Why remotely managed employees are good for business
Virtual teams are becoming the norm for many organisations as physical and digital business boundaries become increasingly blurred. Whether employees are distributed around a single region or country, or spread around the world in multiple time zones, there is a growing requirement for careful coordination of workloads and effective management of remote staff.
There is an ongoing belief that management is best conducted with managers and team in close proximity to each other – and a view that success is best achieved when managers are physically embedded within their teams.
However, over the past few years the team at ENGAGE has worked with a range of organisations in which the engagement levels of remotely managed employees are higher than those of centrally located teams. Unsurprisingly perhaps, this statement causes many a raised eyebrow. Theories as to why we encounter this are discussed, but until now we’ve not had a sufficiently large data set to conduct deeper analysis into why this may be the case.
A recent survey allowed us to compare the results of remotely and non-remotely managed employees spread across offices in over 30 countries at a global organisation. Here, as before we found that:
- Remotely managed employees (RME) are significantly more engaged than non-remotely managed employees (non-RMEs)
- RME’s are more likely to be advocates of the organisation and are more loyal
- RMEs tend to score higher on most survey dimensions.
Overall, our findings correspond to those of other survey agencies, which report that remote workers are happier, feel more valued, are more connected, and show less turnover.
Our statistical analysis showed that, for RMEs, the organisation’s leaders play a much greater part in their overall engagement than they do in the lives of non-RMEs. Significantly, we also found that RMEs receive a better quality of management than non-RMEs in three key areas:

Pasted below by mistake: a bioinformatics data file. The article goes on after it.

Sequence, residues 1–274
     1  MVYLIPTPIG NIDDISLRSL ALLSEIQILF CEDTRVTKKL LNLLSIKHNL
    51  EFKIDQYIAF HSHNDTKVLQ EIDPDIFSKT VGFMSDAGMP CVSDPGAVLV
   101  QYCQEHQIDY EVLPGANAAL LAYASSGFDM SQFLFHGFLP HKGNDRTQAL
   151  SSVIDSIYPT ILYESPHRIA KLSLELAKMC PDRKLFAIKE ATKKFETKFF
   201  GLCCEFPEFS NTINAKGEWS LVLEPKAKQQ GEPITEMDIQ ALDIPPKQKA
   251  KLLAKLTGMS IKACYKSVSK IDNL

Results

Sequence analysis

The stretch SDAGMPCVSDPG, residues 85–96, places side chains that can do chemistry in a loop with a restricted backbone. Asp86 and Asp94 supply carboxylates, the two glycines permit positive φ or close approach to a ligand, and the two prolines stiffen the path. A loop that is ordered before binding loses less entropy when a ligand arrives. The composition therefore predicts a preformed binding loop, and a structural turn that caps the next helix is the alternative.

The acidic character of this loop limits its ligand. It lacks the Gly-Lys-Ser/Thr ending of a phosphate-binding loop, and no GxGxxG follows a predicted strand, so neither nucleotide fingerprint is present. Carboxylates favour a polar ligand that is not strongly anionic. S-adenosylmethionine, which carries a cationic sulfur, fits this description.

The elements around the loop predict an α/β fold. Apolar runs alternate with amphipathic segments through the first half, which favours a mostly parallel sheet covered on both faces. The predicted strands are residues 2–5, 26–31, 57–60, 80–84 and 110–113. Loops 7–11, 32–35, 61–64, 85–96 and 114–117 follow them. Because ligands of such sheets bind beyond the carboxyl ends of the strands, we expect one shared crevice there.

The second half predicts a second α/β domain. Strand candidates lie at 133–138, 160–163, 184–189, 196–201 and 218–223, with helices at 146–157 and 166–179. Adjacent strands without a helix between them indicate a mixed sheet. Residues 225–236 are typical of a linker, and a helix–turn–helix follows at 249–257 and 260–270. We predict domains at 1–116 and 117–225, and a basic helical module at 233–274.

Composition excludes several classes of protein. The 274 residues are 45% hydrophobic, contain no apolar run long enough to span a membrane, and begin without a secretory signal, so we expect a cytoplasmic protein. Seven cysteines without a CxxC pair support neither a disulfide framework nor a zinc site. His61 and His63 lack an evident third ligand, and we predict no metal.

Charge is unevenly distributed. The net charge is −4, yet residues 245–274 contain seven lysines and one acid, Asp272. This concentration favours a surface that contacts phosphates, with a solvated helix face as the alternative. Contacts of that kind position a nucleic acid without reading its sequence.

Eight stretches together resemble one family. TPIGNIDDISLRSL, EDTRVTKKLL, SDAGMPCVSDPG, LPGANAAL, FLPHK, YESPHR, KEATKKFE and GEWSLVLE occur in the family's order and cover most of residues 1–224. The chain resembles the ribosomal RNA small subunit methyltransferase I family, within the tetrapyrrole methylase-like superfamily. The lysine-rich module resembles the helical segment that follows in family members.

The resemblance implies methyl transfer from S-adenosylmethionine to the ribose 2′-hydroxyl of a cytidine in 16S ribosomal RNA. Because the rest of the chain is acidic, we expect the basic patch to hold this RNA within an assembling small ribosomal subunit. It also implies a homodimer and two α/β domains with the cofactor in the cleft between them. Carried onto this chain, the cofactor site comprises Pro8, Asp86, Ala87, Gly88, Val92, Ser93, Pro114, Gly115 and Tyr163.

- Delivering the basics – including regular check-ins, keeping employed informed, enjoying a productive working environment
- Creating an emotional connection – employees feel empowered, trusted, cared for and that their opinions are valued
- Support to develop and grow – including career development, connections, recognition and fair evaluation.
When we qualitatively explore some of these issues we find that remote managers tend to follow a regular schedule of (often weekly) calls or video conferences with their RME team members. They usually have a well-structured agenda covering a range of issues such as a personal check-in, project related barriers and successes, developmental progress and a review of key downward and upward communications.
Remote employees also report that they feel trusted and empowered by their manager to make the right decisions and to get work done. In short, they experience a pretty high quality of management.
Existing academic research supports the theory that these managerial monitoring strategies can be what makes or breaks RM effectiveness. If we had time here, we could explore the intricacies of our research further. However, we can summarise with three observations:
- Don’t be scared of remote management
It can be an asset to your business! Remote managers do a great job with their distributed workforce, and can also help to improve the way in which centralised teams work by sharing techniques for more structured and organised management. They can also serve as a reminder of how to get the basics right, and how to form emotional connections with teams as well as focusing on individual development.
- Remote management can have organisation-wide impact
The success of many remotely structured teams should prompt questions about how managers are recruited, where they should sit, and how they should be trained. What does success look like as organisations expand and adapt to the changing needs of their workforces?
- Senior leader behaviours are critical.
They have a measurable impact on the engagement of remote staff. It’s important to understand that employees without a local manager are much more dependent on higher level leadership to create a broader, engaging environment on a day-to-day basis.
It will be interesting to see how attitudes to remotely managed employees evolves in the next few years and whether organisations continue to implement distributed teams out of necessity – or whether they do so because it makes good business sense.
By Nick Thompson
Practice Head: ENGAGE